More copying the standard studio schemes. This time, it’s Deneghra, the most diminutive of the Cryx casters. She was bought as a present, and so she went straight to the front of the Cryx painting queue.
This was my second attempt at painting the girl. The first time I used the Vallejo Game Color (eurgh american spelling) silvers, and it came out truly awful. They had that glittery finish that put me in mind of fairground bumper cars. I got sulky, and threw her in my undersink Nitromors jar. For my second attempt I wet out and bought some of the GW metals – I must say, (price aside) they’re the best metals on the market, and produce a gorgeously even finish.
Only problem with Deneghra is she’s, well, ‘meh’. She’s not a 10-foot tall steampunk skellington, or a zombie pirate dragon – she’s just an unimposing little girl with very straightforward colours. Maybe in time I’ll do another in a more striking scheme, with marble green armour plates, and lots of runic tattoos.
I do like the way her skin came out. I wanted her to stand out from all the green/grey Thralls, and look healthy and alive, but still eeeeevil.
My Cryx. Curis’ Cryx. They came from the Crypt. Curis’ Crypt Cryx. Crikey.
The one thing that as a stumbling block in Warmachine for ages was how to indelibly stamp the models as mine. I wanted Cryx with a twist, something uniquely mine. Problem was, I knew too little about Warmachine to ever do conversions or alternative paint schemes that actually fitted. I’d be converting what I thought was woo-awesome, only to find that those conversant in the PP fluff would roll their eyes and mutter. It would be the equivalent of a child at GW sticking a Terminator in the cockpit of an Eldar Warwalker and making hands for it out of screws. It looks good, but only to them in their painful nativity.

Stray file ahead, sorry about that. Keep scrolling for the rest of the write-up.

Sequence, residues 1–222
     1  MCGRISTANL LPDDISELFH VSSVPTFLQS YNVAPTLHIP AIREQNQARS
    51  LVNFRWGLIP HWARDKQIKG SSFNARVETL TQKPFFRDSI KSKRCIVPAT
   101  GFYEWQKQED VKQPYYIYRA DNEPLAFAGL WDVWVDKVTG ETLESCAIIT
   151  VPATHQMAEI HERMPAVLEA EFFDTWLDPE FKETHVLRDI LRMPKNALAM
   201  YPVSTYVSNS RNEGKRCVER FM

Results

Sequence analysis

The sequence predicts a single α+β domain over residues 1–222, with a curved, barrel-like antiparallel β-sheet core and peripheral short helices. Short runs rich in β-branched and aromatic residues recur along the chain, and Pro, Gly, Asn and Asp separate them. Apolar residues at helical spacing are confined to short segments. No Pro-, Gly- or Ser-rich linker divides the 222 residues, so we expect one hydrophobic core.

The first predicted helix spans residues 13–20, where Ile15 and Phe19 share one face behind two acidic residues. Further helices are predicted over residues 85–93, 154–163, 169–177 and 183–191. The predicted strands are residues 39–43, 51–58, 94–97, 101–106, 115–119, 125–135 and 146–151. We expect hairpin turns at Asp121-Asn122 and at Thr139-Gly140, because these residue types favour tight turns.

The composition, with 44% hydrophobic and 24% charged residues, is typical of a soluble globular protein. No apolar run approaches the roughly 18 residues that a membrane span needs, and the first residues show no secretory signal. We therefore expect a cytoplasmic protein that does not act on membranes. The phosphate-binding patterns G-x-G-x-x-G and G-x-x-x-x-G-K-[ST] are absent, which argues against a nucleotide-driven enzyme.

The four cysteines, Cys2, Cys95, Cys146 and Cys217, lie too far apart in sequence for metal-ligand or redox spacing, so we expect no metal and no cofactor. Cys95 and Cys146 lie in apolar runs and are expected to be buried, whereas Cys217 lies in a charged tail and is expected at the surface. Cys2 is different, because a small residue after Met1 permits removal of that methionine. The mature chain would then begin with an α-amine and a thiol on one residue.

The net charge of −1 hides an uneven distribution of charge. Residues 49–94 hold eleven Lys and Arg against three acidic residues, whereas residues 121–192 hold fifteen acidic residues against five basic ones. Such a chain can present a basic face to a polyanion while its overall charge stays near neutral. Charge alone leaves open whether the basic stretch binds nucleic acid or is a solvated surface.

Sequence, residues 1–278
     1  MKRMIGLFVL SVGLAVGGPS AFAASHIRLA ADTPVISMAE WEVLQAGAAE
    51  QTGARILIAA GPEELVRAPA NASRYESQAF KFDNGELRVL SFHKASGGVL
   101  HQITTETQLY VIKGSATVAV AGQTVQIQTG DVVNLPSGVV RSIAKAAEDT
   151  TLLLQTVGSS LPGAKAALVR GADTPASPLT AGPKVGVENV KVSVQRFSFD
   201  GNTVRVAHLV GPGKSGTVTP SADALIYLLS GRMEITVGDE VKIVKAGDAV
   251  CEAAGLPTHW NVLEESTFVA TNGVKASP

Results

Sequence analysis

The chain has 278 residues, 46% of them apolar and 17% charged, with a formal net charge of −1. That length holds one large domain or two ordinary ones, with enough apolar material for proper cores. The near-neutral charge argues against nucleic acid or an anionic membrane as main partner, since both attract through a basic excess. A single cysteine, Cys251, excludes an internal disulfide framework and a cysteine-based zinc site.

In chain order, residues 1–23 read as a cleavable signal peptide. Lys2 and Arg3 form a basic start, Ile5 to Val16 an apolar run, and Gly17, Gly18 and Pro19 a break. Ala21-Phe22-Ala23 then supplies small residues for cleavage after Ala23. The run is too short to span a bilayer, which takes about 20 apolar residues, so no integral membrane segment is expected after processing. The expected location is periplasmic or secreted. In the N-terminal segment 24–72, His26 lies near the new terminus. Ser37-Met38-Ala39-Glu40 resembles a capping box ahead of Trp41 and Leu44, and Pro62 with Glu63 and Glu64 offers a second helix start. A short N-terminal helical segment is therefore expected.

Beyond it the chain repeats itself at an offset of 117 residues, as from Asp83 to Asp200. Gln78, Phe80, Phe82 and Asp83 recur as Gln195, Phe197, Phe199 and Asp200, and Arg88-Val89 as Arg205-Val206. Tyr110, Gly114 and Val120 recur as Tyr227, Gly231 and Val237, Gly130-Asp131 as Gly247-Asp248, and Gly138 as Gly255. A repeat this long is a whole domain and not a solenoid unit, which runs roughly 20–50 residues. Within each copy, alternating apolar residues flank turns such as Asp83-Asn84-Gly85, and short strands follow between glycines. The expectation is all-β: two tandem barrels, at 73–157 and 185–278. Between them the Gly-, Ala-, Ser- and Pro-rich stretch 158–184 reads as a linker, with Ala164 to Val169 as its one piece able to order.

So eventually, I jacked it all in and settled on copying studio paint schemes. Nice and simple, no thinking required, and the perfect way to break out of my rut where I just borrow techniques from previous models.
It also fits nicely with (what I perceive) is the PP mentality of collecting the figures as-is, rather than making them your own. The 40K Universe is sufficiently big to wedge 1,000 Marines of your own devising in. The PP Universe is a teeny tiny thing where there’s not as much space to do you own thing.
Good or bad? Well, it got me to take those hesitant first steps towards collecting a whole force.